Hello Song (Set the Key to D and the Scale to Minor)

ZCB B –––––– BVCZ –––––– ZCBV –––––– BVCZ

CZCZCX –––––– CZCZCZ

You can play along with this video of OrchLab Workshop Leader John Webb singing and playing this song. Make sure to open the video in a new tab (you might have to turn the volume of the video down to hear the Soundmaker).

Alternatively, you could play along with the Hello Song on the Percussion Soundmaker, and play to the beat or add some rhythms, rather than playing the melody.

Try playing these melodies on Circles or Squares. Do you recognise them?

Set the Key to C and the Scale to Major:

ZXCVBNV –––––– VCXZZ

This one is the EastEnders theme tune!

Again, set the Key to C and the Scale to Major:

MNMB –––––– MBNM –––––– M NMB –––––– BNB –––––– MN B

This is Here Comes the Sun. You can find a Play and Sing video of this one here, so you could try playing along.

Individuals: creative ideas

Individuals might like to create their own melodies and chords on Squares and Circles – seeing which combinations of pitches they enjoy playing.  Sometimes using an image could be a good starting point:

Gentle Waves – Use Circles with the scale set to Pentatonic, and any Key or Octave you like:

Play all the keys starting on Z (or the bottom right if using a touchscreen device), moving from left across to right and back again – you can use one hand or both hands and as many fingers as you like.  Try and make the music smooth by holding down the notes and letting them overlap.   Play slowly for calm waves and quickly for energetic waves.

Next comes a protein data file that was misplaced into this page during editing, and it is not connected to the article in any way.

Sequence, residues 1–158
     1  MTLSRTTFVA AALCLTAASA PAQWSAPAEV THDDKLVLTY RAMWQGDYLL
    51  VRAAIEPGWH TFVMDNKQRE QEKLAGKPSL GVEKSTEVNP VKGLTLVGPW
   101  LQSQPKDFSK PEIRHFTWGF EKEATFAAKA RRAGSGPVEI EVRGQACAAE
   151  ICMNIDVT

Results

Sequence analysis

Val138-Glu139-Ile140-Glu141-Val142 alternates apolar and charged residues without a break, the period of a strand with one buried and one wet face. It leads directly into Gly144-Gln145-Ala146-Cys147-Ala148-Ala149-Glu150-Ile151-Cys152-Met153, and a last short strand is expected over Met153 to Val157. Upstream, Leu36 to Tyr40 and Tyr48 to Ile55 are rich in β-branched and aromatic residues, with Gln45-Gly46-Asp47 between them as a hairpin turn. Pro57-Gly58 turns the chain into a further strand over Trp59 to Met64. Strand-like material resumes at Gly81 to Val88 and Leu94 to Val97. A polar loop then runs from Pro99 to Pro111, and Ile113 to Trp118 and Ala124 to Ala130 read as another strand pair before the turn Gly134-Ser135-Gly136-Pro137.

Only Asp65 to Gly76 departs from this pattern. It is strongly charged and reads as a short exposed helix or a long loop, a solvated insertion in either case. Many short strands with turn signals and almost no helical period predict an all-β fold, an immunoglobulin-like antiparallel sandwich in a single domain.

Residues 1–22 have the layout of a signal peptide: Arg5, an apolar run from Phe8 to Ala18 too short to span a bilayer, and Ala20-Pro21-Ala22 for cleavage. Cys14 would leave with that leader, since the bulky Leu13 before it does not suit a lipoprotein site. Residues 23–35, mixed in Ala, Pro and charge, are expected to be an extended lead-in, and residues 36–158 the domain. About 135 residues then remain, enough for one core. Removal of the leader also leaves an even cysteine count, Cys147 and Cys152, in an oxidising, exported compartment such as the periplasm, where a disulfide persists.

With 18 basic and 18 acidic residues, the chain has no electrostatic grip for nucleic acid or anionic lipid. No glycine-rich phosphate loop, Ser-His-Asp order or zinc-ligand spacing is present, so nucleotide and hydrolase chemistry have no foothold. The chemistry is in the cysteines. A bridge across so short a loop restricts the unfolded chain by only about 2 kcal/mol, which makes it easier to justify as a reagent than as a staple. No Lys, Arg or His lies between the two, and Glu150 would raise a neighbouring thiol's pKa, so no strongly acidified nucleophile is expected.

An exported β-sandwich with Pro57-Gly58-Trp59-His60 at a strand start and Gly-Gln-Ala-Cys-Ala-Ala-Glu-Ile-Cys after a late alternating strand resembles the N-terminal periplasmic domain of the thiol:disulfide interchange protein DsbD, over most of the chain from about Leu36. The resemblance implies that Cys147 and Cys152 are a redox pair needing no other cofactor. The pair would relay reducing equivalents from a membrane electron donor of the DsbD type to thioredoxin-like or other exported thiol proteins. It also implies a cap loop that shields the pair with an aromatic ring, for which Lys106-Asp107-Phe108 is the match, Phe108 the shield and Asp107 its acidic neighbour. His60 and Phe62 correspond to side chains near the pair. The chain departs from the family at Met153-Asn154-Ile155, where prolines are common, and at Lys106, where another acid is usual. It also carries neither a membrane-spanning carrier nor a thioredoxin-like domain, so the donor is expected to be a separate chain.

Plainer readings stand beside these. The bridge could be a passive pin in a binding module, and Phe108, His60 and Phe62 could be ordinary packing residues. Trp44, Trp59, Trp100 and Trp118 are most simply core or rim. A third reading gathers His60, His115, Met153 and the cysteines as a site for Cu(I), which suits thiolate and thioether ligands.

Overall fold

Walking Along – Use Squares with the scale set to Major, and any Key or Octave you like:

Choose two notes which you like. Play them steadily, alternating them and tapping each key for a very short amount of time. Keep going until you feel the music should change, and move to two different notes. When that feels like it should finish, return to the two original notes.

Entrance of the King/Queen! – Use Squares with the scale set to either Major or Minor, and any Key or Octave you like:

Find a combination of two or three notes you like – there’s no right or wrong! Keep your fingers in that shape and move it to the left or right along the keys. For instance:

Then move to…

Then move to…

If you play this in a Major key it sounds triumphant, if you play it in a Minor key it sounds serious and austere.  Experiment with the other settings and combinations of notes and see what you like best.

Playing together

If there is more than one device to use, you could set up Soundmakers on each of them so that two or three individuals could play together. Here are some starting points based on the ideas above:

Gentle Waves: One person creates the wave patterns as described above on Circles, someone else creates a melody over this on Squares.  A third person could add some sea-like Percussion sounds occasionally.

Walking Along: One person plays the footsteps idea above, another person makes up a new melody which goes along with it.

Entrance of the King/Queen!: One person develops the chord idea above, another person improvises a melody over the top.  A third person could add some impressive, regal percussion on the Percussion Soundmaker!

Remember, there’s no right or wrong when you play a Soundmaker – explore it and see what sounds you like!

Explore more:

OrchLab Soundmakers

You can watch videos of all three Soundmakers being demonstrated here: Using OrchLab Soundmakers: 1

Making Melodies